The Libyan dinar (LYD) is the official currency of Libya, which has the highest GDP-per-capita in the entirety of the African continent. Libyan dinar is often referred to as jni, and is usually only referred to as dinar in economic analyses from outside parties. Since the 2011 overthrow of Muammar Gaddafi and his socialist government, Libya still uses to Libyan dinar, but is redesigning new notes to replace notes that contain the face of Gaddafi, as well as his crest. Currently, the Libyan dinar conversion value is roughly equal to $0.71 USD.
The current nation of Libya achieved independence in 1951. During this time, it adopted the Libyan pound, which was based off of a British-style of currency. In 1971, the Central Bank of Libya, then controlled by the Revolutionary Command Council (and Muammar Gaddafi, by proxy) introduced the Libyan dinar, and began to cycle Libyan pound out of circulation. Eventually, four years later, in 1975, the Central Bank of Libya also introduced denominations of the Libyan dinar, which are called dirham.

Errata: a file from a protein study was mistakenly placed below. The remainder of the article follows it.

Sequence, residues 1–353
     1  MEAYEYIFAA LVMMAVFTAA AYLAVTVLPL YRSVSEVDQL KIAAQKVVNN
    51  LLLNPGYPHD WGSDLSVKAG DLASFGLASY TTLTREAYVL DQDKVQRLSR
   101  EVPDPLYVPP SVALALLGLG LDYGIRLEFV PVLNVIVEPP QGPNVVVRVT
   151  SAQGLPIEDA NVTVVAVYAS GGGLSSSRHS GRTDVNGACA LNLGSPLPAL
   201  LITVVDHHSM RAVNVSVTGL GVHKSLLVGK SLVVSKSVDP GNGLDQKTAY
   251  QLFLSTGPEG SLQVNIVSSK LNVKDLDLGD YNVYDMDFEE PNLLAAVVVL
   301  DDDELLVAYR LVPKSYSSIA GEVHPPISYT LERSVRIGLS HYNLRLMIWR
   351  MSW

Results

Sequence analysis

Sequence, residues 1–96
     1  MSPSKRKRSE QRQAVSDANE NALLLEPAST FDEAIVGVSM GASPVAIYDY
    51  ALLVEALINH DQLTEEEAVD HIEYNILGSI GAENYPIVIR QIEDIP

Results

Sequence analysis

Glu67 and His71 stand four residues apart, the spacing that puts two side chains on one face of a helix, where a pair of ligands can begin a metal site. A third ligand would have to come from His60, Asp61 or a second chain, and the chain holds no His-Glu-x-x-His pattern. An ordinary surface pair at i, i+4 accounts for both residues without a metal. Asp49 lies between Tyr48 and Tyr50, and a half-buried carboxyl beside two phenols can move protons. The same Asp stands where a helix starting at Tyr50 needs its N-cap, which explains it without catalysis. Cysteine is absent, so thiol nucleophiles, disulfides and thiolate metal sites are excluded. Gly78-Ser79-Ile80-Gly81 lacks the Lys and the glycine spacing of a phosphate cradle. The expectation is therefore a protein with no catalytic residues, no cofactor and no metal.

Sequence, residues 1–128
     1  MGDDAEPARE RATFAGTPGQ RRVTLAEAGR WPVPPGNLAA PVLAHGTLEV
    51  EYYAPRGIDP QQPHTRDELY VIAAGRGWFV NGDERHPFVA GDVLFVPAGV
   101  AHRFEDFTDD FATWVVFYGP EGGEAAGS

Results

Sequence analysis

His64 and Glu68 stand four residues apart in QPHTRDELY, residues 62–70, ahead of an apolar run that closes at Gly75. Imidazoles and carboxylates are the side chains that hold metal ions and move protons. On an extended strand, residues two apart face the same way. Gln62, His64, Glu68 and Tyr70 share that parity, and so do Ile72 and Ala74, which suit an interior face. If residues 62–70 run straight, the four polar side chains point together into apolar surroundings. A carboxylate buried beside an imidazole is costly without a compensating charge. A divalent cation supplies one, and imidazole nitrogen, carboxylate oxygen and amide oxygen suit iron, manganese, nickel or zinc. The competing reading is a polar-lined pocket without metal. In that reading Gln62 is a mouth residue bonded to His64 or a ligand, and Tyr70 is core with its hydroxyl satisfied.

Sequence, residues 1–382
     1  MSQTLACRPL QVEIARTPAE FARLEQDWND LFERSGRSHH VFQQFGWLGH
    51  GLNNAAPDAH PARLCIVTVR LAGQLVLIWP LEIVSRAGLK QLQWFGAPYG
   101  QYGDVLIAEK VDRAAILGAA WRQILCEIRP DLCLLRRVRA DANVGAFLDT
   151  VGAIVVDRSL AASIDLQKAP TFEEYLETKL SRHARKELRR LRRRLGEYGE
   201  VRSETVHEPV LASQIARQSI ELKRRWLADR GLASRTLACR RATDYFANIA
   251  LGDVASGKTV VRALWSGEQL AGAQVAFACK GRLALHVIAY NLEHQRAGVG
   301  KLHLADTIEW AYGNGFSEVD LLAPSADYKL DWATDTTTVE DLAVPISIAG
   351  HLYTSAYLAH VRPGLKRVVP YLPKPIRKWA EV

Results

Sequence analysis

Libya’s economy, ever since the 2011 Libyan Civil War, which saw the end of Gaddafi’s control, has become more and more privatized. Due to its political isolation from the United Nations and the United States for several decades, the introduction of Libya into the globalized economy is also still an ongoing effort. Currently, the largest threat to Libyan economic sovereignty is that its profits lack diversification, as most of its economy is dependent on the energy sector, which is a common problem for many countries in the region.